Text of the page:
a) Male

b) Female

3) Ethnicity? (Select all that apply)

a) American Indian

b) Arab

c) Asian

d) Black/African-American

e) Hispanic

f) White

g) Other

4) What is your current household size?

a) One

b) Two

c) Three

d) Four

e) Five

f) Six

5) What is your current household income in US dollars?

a) Under $12,000 b)$12,001 - $15,300 c) 15,301 -$18,800

d) $18,801 -$24,200

e) $24,201 –$28,600

f) More than \$28,600

6) What is the highest level of education you have completed?

a) Some college

b) Bachelor’s degree

7) In what country were you born? (please specify)

8) What is your partner/spouse’s ethnicity? (Select all that apply)

a) American Indian

b) Arab

c) Asian

d) Black/African-American

e) Hispanic

f) White

g) Other

Sickle cell diseases questions

9) Have you ever heard of sickle cell diseases?

a) Yes

b) No

c) Don’t know

10) Do you have sickle cell trait/disease?

a) Yes.

If yes, when did you first find out?

i) New Born screening

ii) Routine doctor visit

b) No

c) I have not been screened

11) Do you know someone with sickle cell diseases?

a) Yes

b) No

c) Don’t know

12) Do you know if your partner/spouse has sickle cell trait/disease?

a) Yes

b) No

c) Don’t know

d) Not applicable

13) Do you have any child/children with sickle cell trait/disease?

a) Yes

If yes, how did you find out?

a) New Born screening

b) Routine doctor visit

b) No

c) Don’t have kids

d) Don’t know

14) How do you get sickle cell diseases?

a) Infection

b) Blood transfusion

c) Vaccination

d) You are born with it

15) Who gets sickle cell disease?

a) Black/African-American

b) Arabs

c) All races are equally likely

d) Hispanics only

e) Whites

16) People should know if they have sickle cell trait/diseases before marriage

a) Strongly agree

b) Agree

c) Somewhat

d) Disagree

e) Strongly disagree

Figure 1: Questionnaire on Sickle cell diseases/ trait awareness administered to participants in the metropolitan Detroit area.

Response

(N=146)

Mean (SD)

24.27 (4.09)

Min-Max

18.00- 49.00

No response

4 (2.7%)

Male

56 (38.4%)

Female

89 (61.0%)

Other

1 (0.7%)

White

106 (72.6%)

Black

10 (6.8%)

Asian

21 (14.4%)

Mixed

4 (2.7%)

No response

5 (3.4%)

Highest level of school you have completed?

4 (2.7%)

Some college but no degree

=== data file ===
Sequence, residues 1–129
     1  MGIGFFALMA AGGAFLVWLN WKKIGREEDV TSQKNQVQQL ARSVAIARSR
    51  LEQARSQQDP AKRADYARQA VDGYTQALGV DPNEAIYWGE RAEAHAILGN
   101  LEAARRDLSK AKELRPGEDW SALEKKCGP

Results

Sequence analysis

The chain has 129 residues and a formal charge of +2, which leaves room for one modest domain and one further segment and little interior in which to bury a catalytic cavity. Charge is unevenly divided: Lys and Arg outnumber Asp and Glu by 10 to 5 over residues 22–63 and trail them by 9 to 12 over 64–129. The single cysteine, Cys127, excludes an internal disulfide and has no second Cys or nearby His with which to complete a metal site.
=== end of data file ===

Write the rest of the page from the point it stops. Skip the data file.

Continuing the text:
23 (15.8%)

Associate degree in college

4 (2.7%)

Bachelor's degree in college

100 (68.5%)

Master's degree

14 (9.6%)

Professional degree (JD, MD)

1 (0.7%)

Yes

119 (81.5%)

No

27 (18.5%)

Are you currently enrolled at OUWB school of medicine?

Yes

106 (72.6%)

No

40 (27.4%)

What year are you in?

M1

40 (38.1%)

M2

39 (37.1%)

M3

14 (13.3%)

M4

12 (11.4%)

Immigrated to the USA?

No

110 (75.3%)

Yes

30 (20.6%)

No response

6 (4.1%)

White

45 (30.8%)

Black

3 (2.1%)

American Indian

1 (0.7%)

Asian

5 (3.4%)

Mixed

2 (1.4%)

No Partner

88 (60.3%)

No response

2 (1.4%)

Table 1: Responses to Demographic questions.

 Question Response (N=146) Have you ever heard of sickle cell diseases? Yes 141 (96.6%) No 5 (3.4%) Do you have sickle cell trait/disease? Yes 3 (2.1%) No 94 (64.4%) I have not been screened 49 (33.6%) If yes, When did you first find out? Routine Doctor's visit 1 (33.3%) Other 2 (66.7%) High school biology 1 (100.0%) Do you know someone with sickle cell diseases? Yes 22 (15.2%) No 105 (72.4%) Don't know 18 (12.4%) No response 1 (0.68%) Do you know if your partner/spouse has sickle cell trait/disease? Yes 5 (3.4%) No 38 (26.0%) Don't know 25 (17.1%) Not Applicable 78 (53.4%) Do you have any child/children with sickle cell trait/disease? Yes 1 (0.7%) No 35 (24.0%) Don't have kids 107 (73.3%) Don't know 3 (2.1%) How do you get sickle cell diseases? Infection 2 (1.4%) Blood Transfusion 1 (0.7%) You are born with it 139 (95.9%) Other 3 (2.1%) No response 1 (0.68%) Responses to: How do you get sickle cell diseases?  If other, specify... No clue 1 (33.3%) Not sure 1 (33.3%) No response 1 (33.3%) Who gets sickle cell disease? All races are equally likely 46 (31.5%) Arabs 1 (0.7%) Black/African-American 99 (67.8%) People should know if they have sickle cell trait/diseases before marriage Strongly agree 30 (20.5%) Agree 45 (30.8%) Somewhat agree 35 (24.0%) Neither agree nor disagree 25 (17.1%) Somewhat disagree 5 (3.4%) Disagree 6 (4.1%) Strongly disagree 0 (0%)